Tuesday, May 31, 2016

Sunday, May 29, 2016

Disabilities, Church and the Idol of Excellence

One of the most common core values for many contemporary churches is that of excellence. That is not necessarily a bad thing. We should want to do the things we do for God to the best of our ability. But there are times that excellence can become and idol.

I have heard too many stories of churches that put excellence over compassion and respect. Leadership feels the pressure to compete with professional entertainment. If they are going to impress visitors, everything is going to have to be perfect. Anything that takes away from the "show" is unacceptable.

What happens when there is a person with a disability in the congregation? What happens if they make some noise or some wild gestures? What if people with disabilities take away from what leadership interprets as excellence?

My intention is not to be critical of what some leaders are trying to create in a worship service. I would just suggest that we all need to look back to the early church and the things that they valued in worship. I understand that we do not live in first century Jerusalem, but there are things that we can learn. Our starting point may not be with how to impress people but rather to reflect what God loves in our worship. It is possible that people with disabilities can make our worship services more excellent in a fresh way.

Tuesday, May 24, 2016

Certificate in Disabilities and Inclusive Communities

Do you have a passion to minister to and with those with disabilities? Are you looking for some formal training for preparation? Alvernia University offers a Certificate in Disabilities and Inclusive Communities and it is available completely online. You can find more information here.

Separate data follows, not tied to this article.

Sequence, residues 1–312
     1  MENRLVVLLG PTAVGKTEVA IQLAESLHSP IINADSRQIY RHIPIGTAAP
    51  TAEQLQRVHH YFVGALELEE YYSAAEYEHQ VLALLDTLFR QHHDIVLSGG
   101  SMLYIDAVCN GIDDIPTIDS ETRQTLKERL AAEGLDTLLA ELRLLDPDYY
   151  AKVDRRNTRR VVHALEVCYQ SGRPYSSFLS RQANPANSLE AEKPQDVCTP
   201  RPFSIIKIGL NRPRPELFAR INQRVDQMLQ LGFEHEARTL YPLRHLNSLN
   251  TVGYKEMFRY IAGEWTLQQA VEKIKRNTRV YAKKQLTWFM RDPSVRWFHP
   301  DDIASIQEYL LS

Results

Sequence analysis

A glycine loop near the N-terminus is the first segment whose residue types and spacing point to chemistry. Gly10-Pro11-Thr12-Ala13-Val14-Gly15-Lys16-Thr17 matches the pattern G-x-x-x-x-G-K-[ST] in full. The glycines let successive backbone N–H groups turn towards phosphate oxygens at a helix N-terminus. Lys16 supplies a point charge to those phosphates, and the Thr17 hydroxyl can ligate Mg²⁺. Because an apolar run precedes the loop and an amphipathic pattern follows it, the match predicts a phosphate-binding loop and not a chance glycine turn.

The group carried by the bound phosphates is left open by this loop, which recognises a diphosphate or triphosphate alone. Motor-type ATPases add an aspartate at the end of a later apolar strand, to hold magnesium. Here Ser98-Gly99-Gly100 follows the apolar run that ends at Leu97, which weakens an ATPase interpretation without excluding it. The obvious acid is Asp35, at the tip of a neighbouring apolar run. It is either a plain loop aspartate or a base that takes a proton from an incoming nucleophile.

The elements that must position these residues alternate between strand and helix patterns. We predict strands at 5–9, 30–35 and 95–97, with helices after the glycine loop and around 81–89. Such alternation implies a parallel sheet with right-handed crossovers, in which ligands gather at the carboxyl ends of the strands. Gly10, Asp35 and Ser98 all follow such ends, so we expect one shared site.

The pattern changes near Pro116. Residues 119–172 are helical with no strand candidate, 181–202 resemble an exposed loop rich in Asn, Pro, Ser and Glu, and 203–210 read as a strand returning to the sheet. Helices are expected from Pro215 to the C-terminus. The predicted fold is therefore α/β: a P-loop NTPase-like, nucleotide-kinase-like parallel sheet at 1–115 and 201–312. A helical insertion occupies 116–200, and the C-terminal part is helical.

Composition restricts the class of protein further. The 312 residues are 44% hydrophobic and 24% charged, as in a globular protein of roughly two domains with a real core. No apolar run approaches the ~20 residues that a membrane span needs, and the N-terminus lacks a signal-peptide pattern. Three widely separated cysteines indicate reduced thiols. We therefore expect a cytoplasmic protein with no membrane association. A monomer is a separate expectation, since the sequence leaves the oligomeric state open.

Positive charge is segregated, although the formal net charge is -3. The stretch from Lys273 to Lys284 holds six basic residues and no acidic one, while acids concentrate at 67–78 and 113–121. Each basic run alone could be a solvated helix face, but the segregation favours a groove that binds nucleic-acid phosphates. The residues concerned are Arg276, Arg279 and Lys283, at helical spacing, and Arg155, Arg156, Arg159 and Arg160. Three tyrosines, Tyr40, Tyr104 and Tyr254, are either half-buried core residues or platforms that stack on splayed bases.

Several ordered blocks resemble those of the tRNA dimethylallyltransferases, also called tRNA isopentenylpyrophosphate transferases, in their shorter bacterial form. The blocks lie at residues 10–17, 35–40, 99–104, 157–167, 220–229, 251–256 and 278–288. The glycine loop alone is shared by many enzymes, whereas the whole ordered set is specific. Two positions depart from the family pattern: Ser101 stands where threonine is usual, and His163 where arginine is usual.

Stanley Hauerwas on Disability

Presentation by Stan Hauerwas. "Stan Hauerwas on Disability" from the 2014 Summer Institute on Theology and Disability Conference, an interfaith perspective on topics related to developmental disabilities, discussed by international theologians, scholars and authors.


Friday, May 20, 2016

Life to the Full Conference

Life to the Full
I am really excited about an incredible conference that is coming up on October 28-30, 2016 in Niagara Falls. It is called Life to the Full. How can you go wrong with a name like that? Life to the Full is a conference that will help the Church embrace and minister with people with special needs.

Who should attend this conference?

Pastors and church leaders would definitely benefit from this conference. Parents and other family members of those with special needs would also enjoy this. And those with special needs will appreciate the time together. In fact, just about anyone should attend this conference.

We are at a time when churches need to take disability ministry seriously. It is not just about having a formal disability as one of many programs. It is about being aware of special needs and being willing to minister in loving and respectful ways.

Life to the Full has some incredible keynote speakers and breakout sessions. You can tailor your learning to your goals and context.

The tagline for the conference is ability - belonging - community. It is as easy as ABC.

Please consider attending this conference. You can find all the information here.

Friday, May 13, 2016

Identity and the Challenge of Disability

In this video, Jean Vanier speaks on the subject of disabilities and identity. Jean Vanier is a powerful speaker who is worth listening to.


Thursday, May 12, 2016

My Autism and Me

An interesting BBC documentary on autism.

Tuesday, May 10, 2016

Joni Eareckson Tada on a Theology of Suffering

Joni Eareckson Tada, Founder and CEO of Joni and Friends International Disability Center, discusses the theology of suffering. She encourages us by explaining how suffering can be redeemed in a manner that glorifies God.


Monday, May 9, 2016

Amos Yong on Disability and Theology

Presentation by Amos Yong."Disability and Suffering: Pastoral and Practical Theological Considerations" from the 2014 Summer Institute on Theology and Disability Conference, an interfaith perspective on topics related to developmental disabilities, discussed by international theologians, scholars and authors.

Friday, May 6, 2016

What People With Autism Want the Church to Know

I had the opportunity to ask some people with autism about what they want the church to know. I'm thankful that a number of people responded. This is important because I can only speak for myself. I want people to hear other voices. I hope that you will hear these voices and have a greater sense of where people with autism are coming from.